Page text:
I hear the faucet in the upstairs bathroom running and my son has turned on his electric toothbrush. Roughly five minutes later it shuts off, and he comes bounding down the stairs in his Spiderman pajamas and damp hair. He leans into the upholstered rocking chair where I sit, and looks at me wide-eyed and open-mouthed, signaling to me that he is ready and waiting. We trot up the stairs together to his bedroom and we crawl into his bed. He snuggles next to me as I grab one of the Chronicles of Narnia from his bedside table, and the adventure begins again.
Bedtime has become, for my family, a sacred time for reading. It helps power down my active seven-year-old. One of my favorite things to do as a parent is to read out loud to my kids. Over the past several weeks, I have read to him (and husband, who enjoys being read to as well) all of the Chronicles of Narnia series by the great C.S. Lewis. I’ve never read the entire series before now. Awed, inspired, and captivated, I find myself looking forward to bedtime so that we can experience one chapter every night. It takes me between 20 and 30 minutes to read one chapter, and we try to get started around 8 or shortly after.
Disney’s 2005 release of The Lion, the Witch and the Wardrobe triggered my initial awareness and interest in this series. It was in the theaters, but I was determined to read the book first so that I could compare book to film. Generally speaking, the book versions of films are always better because the reader must work harder to use his or her imagination. In this case, I admit, when you consider the special effects, cinematography and musical score, the film adaption is better. Fast forward 15 years to when I have a seven-year-old son and my husband and I are trying to figure out the best choice for nightly reading, and I worry that the Narnia Chronicles are too advanced. I finally got around to reading the first book, The Magician’s Nephew, on my own, and decided that he would also enjoy it because one of the main characters is a boy, and there’s lots of action. And I was right! He has been actively engaged in these stories based on his frequent questions of “what does that word mean,” and his immediate, enthusiastic responses to predictions about the plot line, and his laughter at the comical parts. The level of suspense and drama piques in The Last Battle. My son and I are hanging on every word, and when I stop and say, “and that’s the end of this chapter,” we give each other a hard stare because we BOTH want to continue.
The average adult could probably sprint through any Narnia book within two to six hours, uninterrupted. But reading out loud slows one down, allowing for questions and sometimes meaningful discussions. Much like poetry, which is also best digested reading out loud, you feel the rhythm, flow and sounds of the language. Research also suggests that reading out loud improves long term memory of content. What if we were to apply this understanding to reading God’s word out loud? This is a powerful teaching and learning strategy. Before literacy became widespread, in oral cultures, reading aloud was how the average person received the scriptures. Maybe this is also why audio books are so popular. When we read aloud, it becomes a shared, community building experience. I vividly remember my fourth grade teacher reading aloud to us after we trudged indoors from recess. It was an excellent transition to the next activity while we either cooled off or warmed up. I was captivated by “Where the Red Fern Grows,” and to this day, I cherish that story and have also read it to my son.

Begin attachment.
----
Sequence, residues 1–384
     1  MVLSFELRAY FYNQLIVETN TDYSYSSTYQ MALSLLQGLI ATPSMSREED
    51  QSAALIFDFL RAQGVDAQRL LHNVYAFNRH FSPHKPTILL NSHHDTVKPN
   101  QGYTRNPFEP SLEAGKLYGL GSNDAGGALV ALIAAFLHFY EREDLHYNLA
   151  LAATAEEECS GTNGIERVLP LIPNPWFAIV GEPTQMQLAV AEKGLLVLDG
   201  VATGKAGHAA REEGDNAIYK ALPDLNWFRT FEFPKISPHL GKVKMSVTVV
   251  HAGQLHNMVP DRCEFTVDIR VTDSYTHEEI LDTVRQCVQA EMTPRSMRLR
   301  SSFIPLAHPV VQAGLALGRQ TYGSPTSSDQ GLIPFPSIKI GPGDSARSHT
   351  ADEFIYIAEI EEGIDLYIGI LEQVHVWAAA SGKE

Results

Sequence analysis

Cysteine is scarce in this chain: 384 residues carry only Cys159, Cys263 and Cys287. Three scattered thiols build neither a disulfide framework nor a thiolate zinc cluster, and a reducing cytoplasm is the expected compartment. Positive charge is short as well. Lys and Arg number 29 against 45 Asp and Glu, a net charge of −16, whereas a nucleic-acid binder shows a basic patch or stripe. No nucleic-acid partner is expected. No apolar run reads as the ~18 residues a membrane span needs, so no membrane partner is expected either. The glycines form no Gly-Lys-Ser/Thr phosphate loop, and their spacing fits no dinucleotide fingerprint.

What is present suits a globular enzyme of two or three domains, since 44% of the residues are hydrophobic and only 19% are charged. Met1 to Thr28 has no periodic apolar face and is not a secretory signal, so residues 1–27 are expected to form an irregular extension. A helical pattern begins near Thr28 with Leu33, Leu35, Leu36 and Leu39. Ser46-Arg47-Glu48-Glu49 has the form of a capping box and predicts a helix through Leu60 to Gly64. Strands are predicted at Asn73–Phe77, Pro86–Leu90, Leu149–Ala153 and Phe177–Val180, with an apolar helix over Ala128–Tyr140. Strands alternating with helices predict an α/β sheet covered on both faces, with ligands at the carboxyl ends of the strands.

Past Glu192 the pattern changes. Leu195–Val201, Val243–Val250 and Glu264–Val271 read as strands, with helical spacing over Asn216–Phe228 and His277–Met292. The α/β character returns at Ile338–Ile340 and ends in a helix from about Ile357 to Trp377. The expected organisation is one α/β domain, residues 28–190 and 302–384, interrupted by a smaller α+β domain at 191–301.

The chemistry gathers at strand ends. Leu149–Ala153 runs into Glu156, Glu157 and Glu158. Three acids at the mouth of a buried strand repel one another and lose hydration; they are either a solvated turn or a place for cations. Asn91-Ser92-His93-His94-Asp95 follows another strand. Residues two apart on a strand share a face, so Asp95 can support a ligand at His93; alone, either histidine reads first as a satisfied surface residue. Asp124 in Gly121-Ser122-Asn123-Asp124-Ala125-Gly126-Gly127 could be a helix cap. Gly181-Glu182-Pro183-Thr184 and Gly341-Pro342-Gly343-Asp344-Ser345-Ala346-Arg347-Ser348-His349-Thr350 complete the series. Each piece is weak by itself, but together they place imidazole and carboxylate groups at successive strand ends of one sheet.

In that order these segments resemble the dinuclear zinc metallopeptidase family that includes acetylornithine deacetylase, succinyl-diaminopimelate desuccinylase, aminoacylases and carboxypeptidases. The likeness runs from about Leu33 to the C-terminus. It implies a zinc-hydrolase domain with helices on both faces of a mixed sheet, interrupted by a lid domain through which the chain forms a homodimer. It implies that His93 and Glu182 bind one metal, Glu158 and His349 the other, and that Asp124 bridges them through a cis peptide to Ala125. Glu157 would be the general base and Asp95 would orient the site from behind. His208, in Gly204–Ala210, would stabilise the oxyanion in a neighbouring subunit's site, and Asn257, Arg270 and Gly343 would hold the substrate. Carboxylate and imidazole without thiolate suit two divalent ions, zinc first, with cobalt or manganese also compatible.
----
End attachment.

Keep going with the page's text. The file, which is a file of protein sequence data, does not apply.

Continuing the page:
The Lion, Witch and the Wardrobe, even thought it was actually written first, makes so much more sense to read it AFTER The Magician’s Nephew in order to understand why and how the magical land of Narnia was created (and would also make a riveting film.) We follow the adventures of the Pevensie children all the way through the Dawn Treader. Then, The Horse and His Boy switches characters and story lines. This book is a more introspective journey in both a literal and figurative sense. It is primarily about seeking out one’s identity. An abused boy who is growing up in poverty is called on a great adventure and learns that he is actually the son of a mighty loving, kind King. (Aren’t we ALL born into spiritual poverty until we learn our true identity as sons and daughters of the Lord God Almighty?)
Taken as a whole, read sequentially from beginning to end, I believe C.S. Lewis wrote an allegory for the living the authentic Christian life. The common thread throughout the series is that evil threatens perfect, peaceful Narnia, and children from the earthly world are summoned and magically transported to the fantasy land by Aslan, who invites them along on a mission, but in the end, the final victory and restoration belongs to Him, the all powerful Lion and representation of God. Does this remind you of something else? We as believers are always dealing with spiritual forces of darkness (Ephesians 6) and are given the necessary tools to defeat this evil, but we still need to rely on God for ultimate victory. The children and other Narnian characters always undergo change and transformation by Aslan’s healing power, patience and wisdom. Much like we do. I love that the same author who has dished out lucid apologetics, Mere Christianity and The Screwtape Letters also created Narnia! I confess that I haven’t read his entire library yet, but I’m determined to read through it all now!
Which book will you read out loud with your loved one next?